Today (Oct 12, 2008) was the Walk to Cure Diabetes organised by the Juvenile Diabetes Research Foundation (JDRF) at Sydney's Olympic Park. Not many people know that Juvenile (or Type 1) diabetes is fundamentally different from the diabetes that is more commonly seen in adults.
Let me quote the JDRF website verbatim:
Type 1, or juvenile diabetes is a serious, chronic disease that destroys the body's ability to produce insulin - a hormone needed to convert food into energy.I've written before that I'm sensitive to reports that ethnic minorities in Australia tend to volunteer less than the general population, so I've been trying to do my bit from time to time.
Type 1 diabetes is an autoimmune disease that usually begins in childhood or early adulthood, but can occur at any age. People with type 1 diabetes need up to six insulin injections every day for the rest of their lives, just to stay alive.
Type 1 diabetes is not caused by diet or lifestyle and cannot be managed through diet and excerise. Insulin injections keep people alive but are not a cure. There is no cure.
Even when treated, type 1 diabetes can cause serious and devastating long-term health complications such as blindness, kidney failure, heart disease, amputations and stroke.
Type 1 diabetes affects every aspect of a person’s life and managing the disease involves whole families.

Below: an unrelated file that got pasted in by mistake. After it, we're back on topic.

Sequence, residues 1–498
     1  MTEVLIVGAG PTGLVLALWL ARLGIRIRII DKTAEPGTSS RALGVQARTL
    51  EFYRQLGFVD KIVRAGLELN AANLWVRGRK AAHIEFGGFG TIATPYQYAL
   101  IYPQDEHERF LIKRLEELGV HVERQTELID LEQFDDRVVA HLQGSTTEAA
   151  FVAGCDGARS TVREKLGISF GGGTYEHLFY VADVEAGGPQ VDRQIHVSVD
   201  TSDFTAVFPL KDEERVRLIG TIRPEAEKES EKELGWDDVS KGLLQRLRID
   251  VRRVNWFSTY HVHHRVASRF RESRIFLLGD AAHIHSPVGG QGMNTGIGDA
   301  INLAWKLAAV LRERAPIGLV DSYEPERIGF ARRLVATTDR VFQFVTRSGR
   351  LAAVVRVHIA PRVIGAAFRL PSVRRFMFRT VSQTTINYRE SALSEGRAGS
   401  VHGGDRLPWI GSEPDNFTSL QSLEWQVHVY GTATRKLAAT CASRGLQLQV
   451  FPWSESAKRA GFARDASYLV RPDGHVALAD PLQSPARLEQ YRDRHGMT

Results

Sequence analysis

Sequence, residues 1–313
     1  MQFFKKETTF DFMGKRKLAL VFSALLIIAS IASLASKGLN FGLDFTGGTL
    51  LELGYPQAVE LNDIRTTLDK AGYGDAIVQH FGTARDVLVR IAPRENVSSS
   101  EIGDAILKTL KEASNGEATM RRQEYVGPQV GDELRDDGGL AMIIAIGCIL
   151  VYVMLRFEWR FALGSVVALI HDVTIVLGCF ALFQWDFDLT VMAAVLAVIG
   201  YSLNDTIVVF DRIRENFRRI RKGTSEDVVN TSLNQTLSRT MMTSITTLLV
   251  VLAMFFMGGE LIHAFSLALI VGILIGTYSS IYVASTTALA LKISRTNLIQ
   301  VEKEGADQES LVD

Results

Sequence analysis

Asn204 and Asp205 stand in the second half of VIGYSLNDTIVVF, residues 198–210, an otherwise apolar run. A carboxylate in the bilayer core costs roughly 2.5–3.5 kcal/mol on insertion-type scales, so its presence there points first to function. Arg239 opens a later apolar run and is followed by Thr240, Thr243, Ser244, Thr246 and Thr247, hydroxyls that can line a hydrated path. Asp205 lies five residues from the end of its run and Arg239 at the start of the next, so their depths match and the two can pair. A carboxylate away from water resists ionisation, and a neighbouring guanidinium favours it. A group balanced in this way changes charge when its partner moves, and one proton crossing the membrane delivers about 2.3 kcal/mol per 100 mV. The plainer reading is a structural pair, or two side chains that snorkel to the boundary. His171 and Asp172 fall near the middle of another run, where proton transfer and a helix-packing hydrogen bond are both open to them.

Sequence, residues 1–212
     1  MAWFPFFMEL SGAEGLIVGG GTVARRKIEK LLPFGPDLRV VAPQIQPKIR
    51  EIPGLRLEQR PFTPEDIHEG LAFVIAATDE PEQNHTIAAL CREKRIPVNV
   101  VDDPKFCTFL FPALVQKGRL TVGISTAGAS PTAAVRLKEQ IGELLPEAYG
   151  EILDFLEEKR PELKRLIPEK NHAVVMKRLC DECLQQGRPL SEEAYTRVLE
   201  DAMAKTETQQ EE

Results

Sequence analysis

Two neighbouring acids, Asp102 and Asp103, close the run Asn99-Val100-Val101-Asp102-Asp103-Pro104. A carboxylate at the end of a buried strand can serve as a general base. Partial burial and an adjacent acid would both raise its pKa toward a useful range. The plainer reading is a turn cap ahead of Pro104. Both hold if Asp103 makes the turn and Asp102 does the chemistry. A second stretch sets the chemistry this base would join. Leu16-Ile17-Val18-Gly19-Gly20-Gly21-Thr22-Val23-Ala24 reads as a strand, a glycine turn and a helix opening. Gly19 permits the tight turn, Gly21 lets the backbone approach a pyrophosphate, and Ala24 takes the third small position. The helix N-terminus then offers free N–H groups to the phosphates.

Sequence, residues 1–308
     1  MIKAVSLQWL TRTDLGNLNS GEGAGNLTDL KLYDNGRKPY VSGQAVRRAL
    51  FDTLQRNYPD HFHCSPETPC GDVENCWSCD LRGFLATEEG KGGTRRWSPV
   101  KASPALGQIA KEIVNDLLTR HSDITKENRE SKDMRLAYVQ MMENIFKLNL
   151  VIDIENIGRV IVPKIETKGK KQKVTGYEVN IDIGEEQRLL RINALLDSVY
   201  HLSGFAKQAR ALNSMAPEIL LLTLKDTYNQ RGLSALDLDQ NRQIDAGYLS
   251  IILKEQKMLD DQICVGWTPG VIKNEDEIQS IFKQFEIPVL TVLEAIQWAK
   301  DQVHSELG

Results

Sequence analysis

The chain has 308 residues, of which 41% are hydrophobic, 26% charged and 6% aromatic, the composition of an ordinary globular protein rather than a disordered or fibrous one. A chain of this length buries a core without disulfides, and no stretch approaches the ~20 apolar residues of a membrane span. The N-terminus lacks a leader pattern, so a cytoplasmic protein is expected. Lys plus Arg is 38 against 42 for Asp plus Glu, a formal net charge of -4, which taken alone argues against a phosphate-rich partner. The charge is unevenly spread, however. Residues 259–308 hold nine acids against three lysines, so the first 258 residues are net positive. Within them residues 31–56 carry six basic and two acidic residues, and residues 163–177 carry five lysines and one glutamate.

There are currently around 140,000 children and adults in Australia living with type 1 diabetes. We have one of the highest rates in the world and every day, five more people are diagnosed, most of them children.
The only way that people with type 1 diabetes will live the long and healthy life they deserve is if more money is invested in research to find a cure.
For further information about type 1 diabetes and current research progress go to the JDRF Website.
This time, I put together a group of like-minded friends and decided to collect money for the JDRF cause and also make this an enjoyable family outing. Most of us being Indians, we called our team the Sydneyside Maharajahs. The team website may not remain in place for long, so here's a screenshot (with the names of my friends and other volunteers blurred out to protect their privacy).
I would like to thank all my friends and colleagues who kindly donated and helped us towards our target (not quite achieved as of the time of writing).
Although the walk is over, fundraising is still open till the 7th of November, I'm told, so if anyone out there would like to donate towards finding a cure for this cruel condition that afflicts some of our youngest, please donate at my JDRF page.